Igot my break and found my wife on the same day. The wife part happened by coincidence, but the break—getting in with Jeev—that was a coincidence I made happen.

Before any of us had actually talked to him, we all hated Jeev for being famous, and respected him because he never went ethnic. Besides his funny, of course, which was all that anyone laughing in the dark noticed.

It was Richie Hagen who started calling audiences “the Dark,” even though most of the shitty rooms we played were lit about equally onstage and out there. The name stuck, though: it was optimistic, looking forward to the time when some of us would make it to real clubs and theatres, but it also nailed the sullen unresponsive zero that we got and deserved from crowds in response to most of our material.

The summer he was in town, Jeev showed up to do sets—not as a miracle or favour, but because he was trying to perfect a clean set for The Tonight Show and needed small, uncaring audiences to test himself against.

“Jeev,” Richie said. “Pathetic showbiz I’m-maybe-white name. It’d work better for a magician. Or a puppet. Guy should be the dummy in his own ventriloquist act.” Richie and I hung out because we’d known each other forever and had started going up together, and because we were the best drinkers out of all the young comics. Some of them were sober, some couldn’t hold their booze, some talked about drinking way too much. We just did it, steadily and at a reasonable pace.

“So was it your college friends who started calling you Richie? Is that it? I remember in high school it was Rick, sometimes Richard, but this Richie thing is brand new since you moved back. Who called you it first? ”

Rich swirled the ice in his glass and looked down. Thinking, fatally.

“Exactly. You did. You’re a faker and no one likes you. Especially me. So have some respect for a man who’s actually accomplished something.”

All this was to Jeev’s back. He was a couple of tables in front of us, his shoulder blades moving in and out like he was working muscles around his lungs. Close enough to hear us, close enough for me to know that Rich’s fake-bold call-out had been meant to be overheard. I’d only come back so hard at the guy out of a hope that Jeev would hear.

He went up before the host could get to the end of a fumbling skip-through of Jeev’s enormous CV. The audience—weekday boozers and Internet dates, mostly—didn’t know who he was. He killed anyway, from the first joke.

Richie came up with the angle. “Drinking, man. He never touches anything when he’s out. Almost crosses himself when he gets offered any.” Richie knew this because he’d extended a tiny, trembling glass of Maker’s Mark to Jeev post-set at the Dock and Blues and had been shot down with a presidential smile and wave. I’d taken in the orphaned shot.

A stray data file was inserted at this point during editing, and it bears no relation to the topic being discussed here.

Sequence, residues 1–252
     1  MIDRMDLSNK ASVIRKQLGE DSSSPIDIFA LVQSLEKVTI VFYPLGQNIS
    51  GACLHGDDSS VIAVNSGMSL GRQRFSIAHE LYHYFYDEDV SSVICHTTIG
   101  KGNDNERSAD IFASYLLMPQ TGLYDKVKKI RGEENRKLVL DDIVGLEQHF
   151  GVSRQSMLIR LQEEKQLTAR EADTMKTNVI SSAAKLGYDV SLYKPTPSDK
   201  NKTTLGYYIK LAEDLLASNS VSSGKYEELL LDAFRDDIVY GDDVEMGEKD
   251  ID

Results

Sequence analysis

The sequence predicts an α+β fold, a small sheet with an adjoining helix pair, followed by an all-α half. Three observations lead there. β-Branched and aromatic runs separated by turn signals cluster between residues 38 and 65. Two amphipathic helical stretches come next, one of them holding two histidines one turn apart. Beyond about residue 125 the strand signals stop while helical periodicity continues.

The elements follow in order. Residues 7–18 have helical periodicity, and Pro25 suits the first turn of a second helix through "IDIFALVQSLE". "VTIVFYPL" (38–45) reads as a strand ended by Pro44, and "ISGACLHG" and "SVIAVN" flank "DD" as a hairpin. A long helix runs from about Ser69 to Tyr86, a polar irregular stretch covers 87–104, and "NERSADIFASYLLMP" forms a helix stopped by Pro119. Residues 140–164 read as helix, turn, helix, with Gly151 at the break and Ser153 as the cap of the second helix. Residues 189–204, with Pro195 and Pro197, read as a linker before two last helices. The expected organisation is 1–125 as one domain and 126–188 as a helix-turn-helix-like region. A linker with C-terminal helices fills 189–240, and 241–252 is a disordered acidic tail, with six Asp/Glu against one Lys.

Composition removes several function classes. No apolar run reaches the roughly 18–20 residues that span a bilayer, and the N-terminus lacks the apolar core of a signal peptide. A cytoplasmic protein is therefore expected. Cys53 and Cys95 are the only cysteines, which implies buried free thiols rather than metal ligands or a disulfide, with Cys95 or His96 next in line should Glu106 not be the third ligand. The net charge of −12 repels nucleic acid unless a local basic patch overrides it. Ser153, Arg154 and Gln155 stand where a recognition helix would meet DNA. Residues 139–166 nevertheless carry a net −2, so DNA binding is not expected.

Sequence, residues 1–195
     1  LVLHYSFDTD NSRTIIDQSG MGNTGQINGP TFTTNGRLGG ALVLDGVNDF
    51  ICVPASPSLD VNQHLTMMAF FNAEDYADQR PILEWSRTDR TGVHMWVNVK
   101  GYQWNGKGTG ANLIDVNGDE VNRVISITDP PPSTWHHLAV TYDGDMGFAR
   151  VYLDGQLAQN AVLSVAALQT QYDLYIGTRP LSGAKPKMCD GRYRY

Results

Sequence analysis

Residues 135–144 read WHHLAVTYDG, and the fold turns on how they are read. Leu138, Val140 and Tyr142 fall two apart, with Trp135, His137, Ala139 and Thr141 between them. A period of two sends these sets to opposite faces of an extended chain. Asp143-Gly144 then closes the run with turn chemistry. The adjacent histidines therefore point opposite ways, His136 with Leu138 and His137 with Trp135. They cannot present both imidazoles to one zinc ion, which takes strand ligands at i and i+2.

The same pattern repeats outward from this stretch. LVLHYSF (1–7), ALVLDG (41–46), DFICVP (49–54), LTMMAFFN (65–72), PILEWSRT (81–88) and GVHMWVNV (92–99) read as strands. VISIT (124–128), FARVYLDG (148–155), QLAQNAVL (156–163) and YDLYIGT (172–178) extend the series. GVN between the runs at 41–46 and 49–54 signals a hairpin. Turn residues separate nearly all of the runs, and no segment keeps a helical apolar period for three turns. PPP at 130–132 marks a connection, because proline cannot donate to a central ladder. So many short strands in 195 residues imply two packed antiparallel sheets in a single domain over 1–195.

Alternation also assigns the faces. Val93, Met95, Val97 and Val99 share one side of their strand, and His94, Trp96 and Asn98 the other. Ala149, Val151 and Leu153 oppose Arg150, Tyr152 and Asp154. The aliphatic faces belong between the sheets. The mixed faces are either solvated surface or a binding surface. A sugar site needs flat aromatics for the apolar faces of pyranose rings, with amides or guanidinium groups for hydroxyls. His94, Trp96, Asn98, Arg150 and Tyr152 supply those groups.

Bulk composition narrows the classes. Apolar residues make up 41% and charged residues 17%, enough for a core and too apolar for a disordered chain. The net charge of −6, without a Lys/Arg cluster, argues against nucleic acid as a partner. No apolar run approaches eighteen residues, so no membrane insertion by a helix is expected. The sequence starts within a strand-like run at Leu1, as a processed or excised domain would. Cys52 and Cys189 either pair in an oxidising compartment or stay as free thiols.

We were in Richie’s apartment about two o’clock the next afternoon, breakfast time for us. We’d both been let go from a fireplace-install company after being late consistently for two weeks because of radio CHUX’s Least-Worst Comic tournament. The boss clued in when he heard clips of us on his Tuesday drive in from Scarborough, stuck in 401 traffic while I talked about my dad’s addiction to octopus at Greek restaurants and my confusion about tentacle porn. He was pulling into work halfway through Richie’s bit about why guys in their twenties can’t be nannies, and heard our fake sick call-ins on his voice mail when he sat down in his office. Being pals with Richie’s father, and a deep Pryor fan, he said he’d lay us off as a favour, scoring us a few months of unemployment cheques so that we could fake our way into being real comics.

Richie was playing with his girlfriend’s flatiron, heating it up and chomping down on bits of the cowlick havoc oozing out of his scalp.

“He must go to meetings, Ed. His specials, right from that first HBO half-hour, he’s been one of those bottle-onstage dudes. You still see the discomfort in his left hand. Doesn’t know what to do with it. He’s right at the start of the real-life part of sobering up. Dries out at some detox, bounces to a rehab facility, then instead of going back home to sink into shitty old habits with shitty old friends, he comes north for a few weeks.”

“Probably shooting a movie.”

“That’s exactly what he’s telling all his friends, and the business too. In fact, if he has a good manager, he probably did book a couple-day walk-on in some shitty Telefilm-funded crash-and-burn VOD frat comedy. That’d minimize questions for him.” Richie felt around beneath the cushion he was sitting on and pulled out a miniature Raptors basketball, then started bouncing it off the wall behind the TV. He usually looked for something stupid to do after he said something smart.

The next day, I googled 12-step meetings around the downtown core, figuring Jeev would want to stick close to his hotel. There were twenty-two spread around town, but only four likely downtown spots. The website said newcomers weren’t pressured to talk, which separated these meetings from the ones I’d seen in movies. If Jeev was as freshly quit as Richie thought, he’d be going to at least one meeting a day, maybe two.